Web request and database transaction integration with Pyramid and SQLAlchemy

Jan 29, 2018 · 4-minute read

I recently had to debug a thorny issue in Hypothesis with the integration between our web framework Pyramid and database ORM SQLAlchemy. This integration is responsible for ensuring that changes to business objects (annotations, users, groups) made when processing API requests or form submissions actually get persisted to the database. Understanding how this works from the existing documentation was not straightfoward. These are my notes on how the various pieces fit together.

SQLAlchemy is a Python database ORM which uses the Unit of Work design pattern. In UoW, changes made to database rows via manipulations of ORM objects are grouped into transactions, which are then either committed or rolled-back as an atomic unit. The application makes commands to the database via a “Session” object.

In a web service, a natural place to start a Unit of Work is when an HTTP request is received. Likewise a natural place to either commit or rollback the Unit of Work is just before the response is returned to the client. If the request succeeded with a 200 status, then the UoW will be committed. If the request failed with a 4xx or 5xx status, then the UoW will be rolled back. When building a Python web application using the Pyramid framework, this behavior can be achieved using a combination of three packages:

  • transaction is a generic transaction-management package. Other packages can register data managers which represent a specific resource, such as a database session, which can begin a group of changes that are later committed or rolled back as a unit.
  • zope.sqlalchemy handles integration between the generic transaction package and SQLAlchemy sessions.
  • pyramid_tm integrates the transaction package with the Pyramid web framework.

pyramid_tm operates as a “tween” (short for “between”, often referred to in other frameworks as “middleware”), which starts a transaction when a request enters Pyramid, before the main handler for the current URL is invoked. If the main handler executes successfully and returns a response pyramid_tm commits the transaction, otherwise it rolls back the changes.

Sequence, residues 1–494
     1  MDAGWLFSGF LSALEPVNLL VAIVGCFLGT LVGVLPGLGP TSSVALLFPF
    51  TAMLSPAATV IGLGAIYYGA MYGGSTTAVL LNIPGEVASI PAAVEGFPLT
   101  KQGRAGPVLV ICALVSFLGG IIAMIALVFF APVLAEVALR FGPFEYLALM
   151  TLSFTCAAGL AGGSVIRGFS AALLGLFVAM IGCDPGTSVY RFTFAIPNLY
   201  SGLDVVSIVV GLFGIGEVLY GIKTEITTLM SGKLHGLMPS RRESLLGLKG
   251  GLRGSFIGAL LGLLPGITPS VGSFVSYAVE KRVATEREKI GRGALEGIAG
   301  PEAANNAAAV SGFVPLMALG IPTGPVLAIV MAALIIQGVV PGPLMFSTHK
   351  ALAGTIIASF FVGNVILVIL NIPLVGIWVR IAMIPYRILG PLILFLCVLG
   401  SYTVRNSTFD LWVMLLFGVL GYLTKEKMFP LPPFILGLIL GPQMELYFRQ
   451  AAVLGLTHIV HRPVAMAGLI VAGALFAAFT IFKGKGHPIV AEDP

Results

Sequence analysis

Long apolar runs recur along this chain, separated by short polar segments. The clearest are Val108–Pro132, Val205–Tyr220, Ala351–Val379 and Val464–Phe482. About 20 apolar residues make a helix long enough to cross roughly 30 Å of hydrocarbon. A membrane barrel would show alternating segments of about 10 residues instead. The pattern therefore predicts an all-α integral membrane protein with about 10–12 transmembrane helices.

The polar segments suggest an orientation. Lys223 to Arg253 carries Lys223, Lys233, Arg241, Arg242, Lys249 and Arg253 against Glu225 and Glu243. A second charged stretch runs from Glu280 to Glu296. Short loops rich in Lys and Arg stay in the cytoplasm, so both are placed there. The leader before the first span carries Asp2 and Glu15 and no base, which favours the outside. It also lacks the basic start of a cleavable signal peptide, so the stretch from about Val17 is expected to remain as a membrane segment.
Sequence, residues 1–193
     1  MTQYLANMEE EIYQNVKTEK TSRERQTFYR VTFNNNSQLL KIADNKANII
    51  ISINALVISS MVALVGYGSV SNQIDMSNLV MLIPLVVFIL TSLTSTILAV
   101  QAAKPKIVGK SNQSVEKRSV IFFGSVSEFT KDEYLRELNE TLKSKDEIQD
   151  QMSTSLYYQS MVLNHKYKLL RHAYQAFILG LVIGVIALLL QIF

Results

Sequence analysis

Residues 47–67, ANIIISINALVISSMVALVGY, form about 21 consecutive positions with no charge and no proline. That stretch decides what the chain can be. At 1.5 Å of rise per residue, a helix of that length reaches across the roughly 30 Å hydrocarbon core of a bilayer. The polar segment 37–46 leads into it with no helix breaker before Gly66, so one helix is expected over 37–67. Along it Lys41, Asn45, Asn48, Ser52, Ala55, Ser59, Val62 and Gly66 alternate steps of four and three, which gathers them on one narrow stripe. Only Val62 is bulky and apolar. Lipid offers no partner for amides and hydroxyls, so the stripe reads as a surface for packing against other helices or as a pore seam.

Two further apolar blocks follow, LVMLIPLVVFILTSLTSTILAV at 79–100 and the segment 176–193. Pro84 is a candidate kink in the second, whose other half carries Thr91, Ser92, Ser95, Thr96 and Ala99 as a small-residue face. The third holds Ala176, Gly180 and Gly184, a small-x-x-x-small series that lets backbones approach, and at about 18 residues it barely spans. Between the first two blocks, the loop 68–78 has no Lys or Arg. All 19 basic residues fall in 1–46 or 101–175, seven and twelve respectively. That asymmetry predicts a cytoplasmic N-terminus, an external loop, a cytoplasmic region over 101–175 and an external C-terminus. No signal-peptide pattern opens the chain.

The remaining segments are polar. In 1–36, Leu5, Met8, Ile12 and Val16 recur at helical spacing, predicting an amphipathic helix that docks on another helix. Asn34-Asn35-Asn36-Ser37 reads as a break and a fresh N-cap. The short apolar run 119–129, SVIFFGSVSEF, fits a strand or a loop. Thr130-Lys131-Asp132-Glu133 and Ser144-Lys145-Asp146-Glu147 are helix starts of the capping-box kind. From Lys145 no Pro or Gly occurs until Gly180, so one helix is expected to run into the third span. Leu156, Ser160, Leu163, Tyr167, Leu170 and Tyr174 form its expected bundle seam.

When a transaction from the transaction package is committed or rolled back, the transaction will in turn ask each of its associated data managers to commit or roll back its changes. When the data manager registered by zope.sqlalchemy receives this request, it will in turn call SQLAlchemy’s Session.commit or Session.rollback methods. This will ultimately result in a COMMIT or ROLLBACK command being sent to the database.

Handling transient failures

Transactions can sometimes fail due to transient issues. For example, a concurrent modification to a database row made as part of another web request. In these cases one solution to avoid the client needing to handle the issue is for the web framework to automatically retry the request, including the database commands involved. The transaction package supports a notion of “retryable” exceptions and pyramid_tm handles transactions which fail for such reasons by retrying the full web request processing cycle, up to a specified number of attempts.

pyramid_tm and exception views

As with other web frameworks, Pyramid allows multiple middlewares / tweens to be involved in processing each request. The tweens are nested. Each tween gets as input the request from its outer/parent tween and returns its response to that tween. In some cases it is important to consider the order in which tweens are organized.

When the main view function for a Pyramid request throws an exception, it is caught by the exception view (EXCVIEW) tween, which looks up the appropriate view to render an error response and invokes it.

In earlier versions of pyramid_tm, the pyramid_tm tween was positioned “under” the exception view tween. This means that it executes “closer to” the main request handler:

Consequently the transactions it manages are not active when the exception view executes. Therefore the exception view would have to manage any transactional activities on the database directly. Since pyramid_tm 2.0, it is positioned “over” the exception handling tween or “further away from” the main view in the request processing pipeline:

Further reading and resources

The pyramid-cookiecutter-alchemy project shows how to combine these three packages in a simple Pyramid app. In particular, see the initialization code for the models package.

The init code for the db package handles the setup in Hypothesis.

The documentation for the transaction, pyramid_tm and zope.sqlalchemy packages are useful to read once you familiar with what they do and how they fit together. Unfortunately they are not easy to follow if you are not already familiar with Zope.